Amazon Delivery

Amazon Disputes ShipMatrix Data Regarding On-Time Delivery

Amazon, ShipMatrix, Data, On-Time Deliveries, Amazon Prime, holiday delivery, cyber-monday, news

Consulting firm ShipMatrix has said Amazon’s on-time delivery rates have been untimely, but the eCommerce giant disagrees, stating that its record is more timely than reported, Reuters said on Wednesday (Dec. 11). 

Amazon had record sales on Cyber Monday orders, but had to contend with regional winter storms. However, deliveries were still on time, with Amazon calling the ShipMatrix data “inaccurate.”

ShipMatrix said that 93.7 percent of merchandise was delivered on time by Amazon vans during the week ending on Dec. 7. The week that included Thanksgiving had on-time deliveries of 98.2 percent.

“Some deliveries were briefly impacted by weather, but we worked quickly to re-balance capacity across our network,” said Amazon Spokeswoman Rena Lunak in a statement to Reuters.

Amazon launched one-day delivery in April, prompting FedEx to cancel its agreement with the online retailer. The holidays are a critical time for deliveries, with merchants aggressively pursuing faster options, but the season is also a test for Amazon’s in-house delivery operations. Many Amazon customers have Prime memberships for $119 a year, and count on getting one- and two-day Prime shipping at no additional charge.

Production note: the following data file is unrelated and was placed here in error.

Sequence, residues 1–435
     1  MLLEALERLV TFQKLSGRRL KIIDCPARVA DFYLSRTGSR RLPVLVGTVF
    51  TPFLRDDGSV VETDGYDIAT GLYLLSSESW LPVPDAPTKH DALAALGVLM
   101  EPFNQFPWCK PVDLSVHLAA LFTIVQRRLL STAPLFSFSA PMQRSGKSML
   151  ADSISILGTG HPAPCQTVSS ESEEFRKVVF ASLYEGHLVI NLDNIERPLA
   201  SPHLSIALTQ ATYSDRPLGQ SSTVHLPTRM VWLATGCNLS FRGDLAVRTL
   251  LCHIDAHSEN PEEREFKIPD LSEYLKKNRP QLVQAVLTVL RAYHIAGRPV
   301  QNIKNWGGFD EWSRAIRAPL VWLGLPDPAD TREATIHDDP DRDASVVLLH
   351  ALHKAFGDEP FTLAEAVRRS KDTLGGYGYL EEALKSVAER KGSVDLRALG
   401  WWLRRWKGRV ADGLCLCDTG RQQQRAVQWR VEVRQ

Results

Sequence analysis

The majority of Amazon’s own deliveries are handled by vans from local hubs. It is anticipated that about 275 million packages will be delivered between Thanksgiving and Christmas, which is twice as many as 2018, according to ShipMatrix.

“The more you ratchet down [delivery] time frames, the less margin you have for error,” said President Evan Armstrong of supply chain consulting firm Armstrong & Associates.

UPS had 92.7 percent on-time delivery during Cyber Monday week. FedEx came in at 90.4 percent, and the U.S. Postal Service at 92.3 percent.

“If you ordered on Amazon and it’s late, Amazon’s going to get the blame,” said Cathy Morrow Roberson, founder of consulting firm Logistics Trends & Insights. “I don’t think, this year, people are going to be as forgiving as in the past.”

Amazon said in April that it would spend $800 million to slash delivery times from two days to one for its millions of Prime customers. As of now, one-day delivery is an option for some goods, and certain products even qualify for same-day delivery, depending on the market. 

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